By early 2018, New Cave Media, a Ukraine-based organization plans to launch an app called Aftermath VR, which uses photogrammetry–or the science of taking measurements from photos–to create 3D renderings of events like mass shootings or natural disasters with the sort of scope and scale that’s sometimes needed to make them comprehensible.

About the same time, Voxhop, a Cambridge, Massachusetts research group, will debut another reporting tool to share what happened a crime scene with immersive video that switches focus, allowing an event to be seen and narrated from multiple witness perspectives.

That’s because all three of those groups, and eight more, has received between $15,000 and $30,0000 of a $285,000 pot put up by the Knight Foundation, Google News Lab, and The Online News Association as part of the Journalism 360 Challenge, a competition that focused on answering one question:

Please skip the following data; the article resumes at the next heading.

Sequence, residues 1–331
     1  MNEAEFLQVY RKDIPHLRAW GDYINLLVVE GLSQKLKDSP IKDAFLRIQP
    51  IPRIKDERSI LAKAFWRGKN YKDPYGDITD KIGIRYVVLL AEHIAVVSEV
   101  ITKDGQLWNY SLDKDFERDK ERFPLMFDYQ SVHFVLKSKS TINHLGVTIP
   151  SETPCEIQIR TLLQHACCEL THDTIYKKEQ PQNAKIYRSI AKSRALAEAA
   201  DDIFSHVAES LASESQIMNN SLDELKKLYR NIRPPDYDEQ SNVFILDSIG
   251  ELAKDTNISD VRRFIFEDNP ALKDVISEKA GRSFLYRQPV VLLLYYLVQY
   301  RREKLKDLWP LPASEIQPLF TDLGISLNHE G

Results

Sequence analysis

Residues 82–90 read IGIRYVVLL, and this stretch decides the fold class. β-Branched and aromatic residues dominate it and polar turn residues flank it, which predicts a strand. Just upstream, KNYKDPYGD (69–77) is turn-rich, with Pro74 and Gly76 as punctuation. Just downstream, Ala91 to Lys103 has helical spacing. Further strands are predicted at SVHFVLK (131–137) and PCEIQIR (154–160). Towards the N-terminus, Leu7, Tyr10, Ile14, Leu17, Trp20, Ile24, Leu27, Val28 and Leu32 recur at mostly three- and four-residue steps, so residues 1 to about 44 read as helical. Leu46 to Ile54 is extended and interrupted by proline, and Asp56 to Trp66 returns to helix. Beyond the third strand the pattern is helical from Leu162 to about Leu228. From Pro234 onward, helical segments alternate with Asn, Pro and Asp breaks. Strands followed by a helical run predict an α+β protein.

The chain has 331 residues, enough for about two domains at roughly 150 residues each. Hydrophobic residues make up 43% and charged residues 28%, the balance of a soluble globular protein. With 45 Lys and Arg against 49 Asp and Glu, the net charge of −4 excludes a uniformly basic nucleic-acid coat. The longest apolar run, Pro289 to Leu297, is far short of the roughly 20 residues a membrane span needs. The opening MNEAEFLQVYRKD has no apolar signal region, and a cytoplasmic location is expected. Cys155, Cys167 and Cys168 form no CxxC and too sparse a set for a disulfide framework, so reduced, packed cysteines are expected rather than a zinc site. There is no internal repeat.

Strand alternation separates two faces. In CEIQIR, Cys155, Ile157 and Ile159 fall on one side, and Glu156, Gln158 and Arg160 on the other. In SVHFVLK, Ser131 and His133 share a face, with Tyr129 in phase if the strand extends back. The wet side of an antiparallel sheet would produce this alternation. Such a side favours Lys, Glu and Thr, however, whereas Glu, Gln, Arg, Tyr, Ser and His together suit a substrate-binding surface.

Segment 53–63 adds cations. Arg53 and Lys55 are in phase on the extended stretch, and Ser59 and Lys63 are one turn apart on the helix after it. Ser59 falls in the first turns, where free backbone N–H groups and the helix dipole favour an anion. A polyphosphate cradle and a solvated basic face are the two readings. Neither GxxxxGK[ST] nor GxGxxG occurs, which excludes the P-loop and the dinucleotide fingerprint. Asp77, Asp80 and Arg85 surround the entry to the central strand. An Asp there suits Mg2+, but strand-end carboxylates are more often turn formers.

How might we experiment with immersive storytelling to advance the field of journalism?”

The Journalism 360 Challenge generated 812 submissions within the U.S. and several other countries including Brazil, Argentina, Australia, Rwanda, Zimbabwe, Norway, Germany, and the UK since it was announced in March. The winning answers showcase the boldest tech-enabled plans to help newsmakers craft better narratives, ensure more ethical storytelling, and democratize production for underrepresented or underfunded groups within industry. Entrants ranged from classic print and broadcast groups, to universities, and digital startups.

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